It was so good to see Pat and Don and we were glad that their health is ok. We had a fun time catching up and listening to their stories.
We relished seeing changes they have made in their beautiful backyard on the Middle Fork of the Willamette River. We also spent time in their newly refurbished kitchen to get ideas for our future kitchen.
As always, the visit was not long enough and we look forward to seeing them again in the future.
Don cracked a joke about Arleen / Pat showed Arleen some things in her pretty garden
On 1 June we checked out Hosmer Lake…
Hosmer Lake had opened within in the last few days. The weather was cloudy with intermittent drizzle and widely varying winds. Our constant companion, Mount Bachelor, wore a cap of stratus clouds.
“Hosmer is a “fly fishing only” lake well known for its breathtaking views of Mt. Bachelor, South Sisters, Broken top, wildlife viewing and the big Atlantic salmon, brook trout and rainbows that are quite visible in this shallow clear lake.”
We arrived early in the morning but there were already a half dozen float tubes and small pontoons on the water.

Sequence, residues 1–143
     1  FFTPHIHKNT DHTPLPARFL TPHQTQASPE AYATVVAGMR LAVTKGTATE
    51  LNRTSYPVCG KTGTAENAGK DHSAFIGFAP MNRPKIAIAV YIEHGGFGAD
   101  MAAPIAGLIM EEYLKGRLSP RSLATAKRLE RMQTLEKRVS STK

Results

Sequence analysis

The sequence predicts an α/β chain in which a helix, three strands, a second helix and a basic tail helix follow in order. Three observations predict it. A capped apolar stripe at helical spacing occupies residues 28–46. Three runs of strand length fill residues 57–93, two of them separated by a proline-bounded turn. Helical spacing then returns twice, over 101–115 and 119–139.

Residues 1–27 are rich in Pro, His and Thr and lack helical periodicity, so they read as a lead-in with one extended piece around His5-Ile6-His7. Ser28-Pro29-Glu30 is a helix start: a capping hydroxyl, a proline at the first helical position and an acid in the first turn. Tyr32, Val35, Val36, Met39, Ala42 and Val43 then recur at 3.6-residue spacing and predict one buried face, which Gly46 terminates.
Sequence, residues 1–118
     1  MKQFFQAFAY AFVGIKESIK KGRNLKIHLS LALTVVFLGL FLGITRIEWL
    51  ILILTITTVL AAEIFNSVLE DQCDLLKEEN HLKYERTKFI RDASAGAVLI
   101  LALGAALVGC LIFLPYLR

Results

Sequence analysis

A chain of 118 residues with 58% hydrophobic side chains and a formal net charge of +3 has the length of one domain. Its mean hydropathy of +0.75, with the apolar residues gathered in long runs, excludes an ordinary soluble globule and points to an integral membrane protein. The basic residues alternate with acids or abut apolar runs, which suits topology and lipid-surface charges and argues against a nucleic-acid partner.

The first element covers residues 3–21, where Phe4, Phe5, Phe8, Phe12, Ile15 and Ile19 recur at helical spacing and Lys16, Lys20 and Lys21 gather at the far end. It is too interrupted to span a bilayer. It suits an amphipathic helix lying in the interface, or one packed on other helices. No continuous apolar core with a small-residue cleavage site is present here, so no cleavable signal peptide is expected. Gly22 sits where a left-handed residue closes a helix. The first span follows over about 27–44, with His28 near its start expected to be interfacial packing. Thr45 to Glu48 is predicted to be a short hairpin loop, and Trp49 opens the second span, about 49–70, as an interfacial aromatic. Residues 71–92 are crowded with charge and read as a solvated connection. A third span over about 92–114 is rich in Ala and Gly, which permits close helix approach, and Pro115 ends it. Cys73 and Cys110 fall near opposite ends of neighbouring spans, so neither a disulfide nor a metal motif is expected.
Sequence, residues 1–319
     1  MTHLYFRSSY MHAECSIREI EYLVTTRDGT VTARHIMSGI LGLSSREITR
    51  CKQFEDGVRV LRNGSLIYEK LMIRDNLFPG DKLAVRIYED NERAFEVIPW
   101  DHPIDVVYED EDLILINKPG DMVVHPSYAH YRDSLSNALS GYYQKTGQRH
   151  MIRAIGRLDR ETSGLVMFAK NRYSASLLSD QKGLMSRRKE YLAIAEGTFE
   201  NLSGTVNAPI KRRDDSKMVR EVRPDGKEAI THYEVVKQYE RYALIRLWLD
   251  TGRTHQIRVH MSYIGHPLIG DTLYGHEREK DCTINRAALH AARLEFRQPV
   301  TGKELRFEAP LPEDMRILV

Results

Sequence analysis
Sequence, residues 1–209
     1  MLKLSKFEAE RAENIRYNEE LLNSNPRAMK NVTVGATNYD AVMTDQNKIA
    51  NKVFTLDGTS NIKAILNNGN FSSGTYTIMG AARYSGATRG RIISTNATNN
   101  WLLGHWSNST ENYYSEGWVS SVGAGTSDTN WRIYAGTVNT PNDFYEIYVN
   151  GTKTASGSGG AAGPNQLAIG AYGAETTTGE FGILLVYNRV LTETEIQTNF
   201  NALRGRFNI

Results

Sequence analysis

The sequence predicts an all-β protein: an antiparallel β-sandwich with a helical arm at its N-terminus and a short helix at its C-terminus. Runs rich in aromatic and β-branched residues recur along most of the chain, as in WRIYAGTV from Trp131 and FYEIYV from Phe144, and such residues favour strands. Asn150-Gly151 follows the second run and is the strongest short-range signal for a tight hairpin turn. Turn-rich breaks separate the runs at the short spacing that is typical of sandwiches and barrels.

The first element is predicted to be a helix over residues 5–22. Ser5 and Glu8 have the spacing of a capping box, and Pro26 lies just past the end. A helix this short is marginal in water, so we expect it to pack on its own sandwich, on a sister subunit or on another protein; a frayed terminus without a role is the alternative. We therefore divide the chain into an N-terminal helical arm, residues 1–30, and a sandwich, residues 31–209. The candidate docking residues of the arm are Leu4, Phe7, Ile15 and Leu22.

We got the kayaks down and paddled past all the early risers to the channel of the oddly dumbbell shaped lake. There we took a wrong turn and went right to a dead end but it was lucky that we did.
The small pool at the end rippled with signs of fish. I eagerly beached my kayak and perched myself on a rocky point. From there I had a 270° reach to most of the pool and back into the channel.
I hooked about 10 fish but only landed five from my roost. They were mostly Rainbows and one nice Brookie. The largest Rainbow I caught was a hard fighting 18 incher.
The channel was lined with thickets of bulrush offering good food for all the birds. We saw eagles, a Sandhill crane, numerous blackbirds, and many ducks. It was a busy, bustling, squawking place.
After a few hours we paddled back up the correct channel. The lake at the end of that channel had numerous little islands. They were all decorated with a pink flower that was at max bloom. At the same time Bachelor appeared between the clouds. Oh, what a picturesque site!
Hosmer has character, is very scenic, loaded with bird life, and has good fishing. It was my favorite lake!
Kayak route on Hosmer Lake / The water lillies are about to open up
Fly fishing and catch and release rules…great!
Much of Hosmer Lake is shallow which allows water plants to flourish. The views of Mount Bachelor, Broken Top, and South Sister peaks are incredible.
Caught rainbow trout up to 18 inches long